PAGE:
A Purposeful Connection
The key to assessment as an effective tool is alignment to center, division, and overall campus priorities and goals. Articulating how your own center or office answers questions about usage, student needs, student identity development, and student experiences with campus culture, and connecting those to unit, division, or university goals allows overlaps to be heard. These are the cornerstones for connection, linked to Hackman’s “compelling purpose”. Collaborating on data collection for overlapping questions of interest and data needs naturally follows. Malenfant and Brown (2017) state it wonderfully, “When an assessment project aligns with campus priorities, the focus is no longer isolated on the needs or issues faced by one unit or department. Everyone is working toward common goals and priorities, thereby breaking down silos and insular perspectives.” 
These overarching goals and priorities serve in a similar capacity to a choral director. Can work continue and can data for assessment purposes be gathered in the absence of goals and priorities? Yes, but activity has more opportunity to suffer. When a choir is without a director, there is no common tempo, no signals to know how and when to articulate, enunciate, and change tone; all the details that keep the choir singing together and color the music to be more than just notes on a page are missing. A competent choral director transforms a potential cacophony into beautiful soaring harmony. That potential exists, too, in well-set and communicated goals and priorities to which assessment processes can be attached. The tunes or specific center goals and data results may be different, but an assessment tool, using overall goals as part of sound assessment practices, allows the centers to intersect, intertwine, and connect elegantly.
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My unit has recently been giving a lot of thought to ways of connecting efforts, making alignment a priority initiative in process. As colleagues’ assessment capacity increases, the questions revolve less around the “how” and more around the “why.” There is a palpable yearning to show how the department-level story is incorporated into the larger stories of the unit and the division, and to hear an overall narrative. One way we are currently changing our approach in my unit is using our annual reports and the assessment components they contain as tools for connection. Annual reports tend to be departmental chronicles of accomplishments and challenges over the year. They are a means of communication to multiple stakeholders about the work done, reflection moving forward, and a way to preserve institutional history.
The overarching questions my departments want to answer are about the campus culture/environment for students. Each department has data drawn from their students of interest but students’ experience on campus overall is the melody we want to weave around. By using a common template with integrated data findings and impact prompts, each department can carry the tune for a bit, and layering aspects of students’ experience, pulled from the data, reflects a cohesive harmonic whole that is of value to all.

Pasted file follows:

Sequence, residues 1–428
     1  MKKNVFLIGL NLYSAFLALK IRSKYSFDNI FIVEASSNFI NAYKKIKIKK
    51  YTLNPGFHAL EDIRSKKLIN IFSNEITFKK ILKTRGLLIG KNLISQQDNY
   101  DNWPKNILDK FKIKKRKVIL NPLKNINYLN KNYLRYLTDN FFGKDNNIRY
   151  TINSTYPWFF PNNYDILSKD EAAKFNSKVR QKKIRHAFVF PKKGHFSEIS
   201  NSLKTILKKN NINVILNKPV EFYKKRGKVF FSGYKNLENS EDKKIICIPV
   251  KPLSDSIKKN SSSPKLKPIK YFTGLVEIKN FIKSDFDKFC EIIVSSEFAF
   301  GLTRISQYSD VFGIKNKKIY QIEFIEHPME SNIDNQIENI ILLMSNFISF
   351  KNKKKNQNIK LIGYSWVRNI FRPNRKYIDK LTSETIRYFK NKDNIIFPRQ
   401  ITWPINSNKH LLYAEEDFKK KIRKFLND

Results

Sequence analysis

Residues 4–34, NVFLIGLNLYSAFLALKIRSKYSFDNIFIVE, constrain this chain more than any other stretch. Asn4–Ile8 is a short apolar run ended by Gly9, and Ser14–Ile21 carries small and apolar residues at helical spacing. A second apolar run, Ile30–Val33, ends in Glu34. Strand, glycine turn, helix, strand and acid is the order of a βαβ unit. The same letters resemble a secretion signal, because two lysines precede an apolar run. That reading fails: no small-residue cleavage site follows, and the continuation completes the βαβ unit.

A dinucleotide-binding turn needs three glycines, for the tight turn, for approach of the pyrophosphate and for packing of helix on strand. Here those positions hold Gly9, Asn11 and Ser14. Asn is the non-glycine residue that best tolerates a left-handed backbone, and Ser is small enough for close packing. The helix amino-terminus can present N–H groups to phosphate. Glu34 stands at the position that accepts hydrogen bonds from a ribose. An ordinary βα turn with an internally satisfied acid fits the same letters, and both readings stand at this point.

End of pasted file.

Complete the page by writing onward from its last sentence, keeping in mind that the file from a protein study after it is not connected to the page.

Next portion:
Does using assessment to find a “compelling purpose” and sing harmoniously resonate? How do you see assessment being used as a tool for connecting in your Division? Feel free to comment and respond below.
- Haensch, A. (2013, July 10). When Choirs Sing, Many Hearts Beat As One. Retrieved from: https://www.npr.org/sections/health-shots/2013/07/09/200390454/when-choirs-sing-many-hearts-beat-as-one
- Long, D. (2012). The foundations of student affairs: A guide to the profession. In L. J. Hinchliffe & M. A. Wong (Eds.), Environments for student growth and development: Librarians and student affairs in collaboration (pp. 1-39). Chicago: Association of College & Research Libraries. Retrieved from: https://ir.library.illinoisstate.edu/cgi/viewcontent.cgi?article=1028&context=fpml
- Henning, G. & Roberts, D. (2016). Student affairs assessment: Theory to practice. Sterling, VA: Stylus.
- Gilbert, E. (2019, March 20). Retrieved from: https://www.chronicle.com/article/Assessment-Is-an-Enormous/245937
- Jonsson, E. (2019). Tips For Student Affairs Assessment Life, Part 1 of 3.
- Hackman, J. R. (2012). From causes to conditions in group research. Journal of Organizational Behavior, 33, 428-444. Retrieved from: https://onlinelibrary.wiley.com/doi/full/10.1002/job.1774
- Sherif, M. (1958). Superordinate goals in the reduction of intergroup conflict. American Journal of Sociology, 63, 349-356. Retrieved from: http://dx.doi.org/10.1086/222258
- Malenfant, K.J. & Brown, K. (2017). Creating Sustainable Assessment through Collaboration: A National Program Reveals Effective Practices. NILOA Occasional Paper #31. Retrieved from: http://learningoutcomesassessment.org/documents/Occasional_Paper31.pdf
Eulena Jonsson, Duke University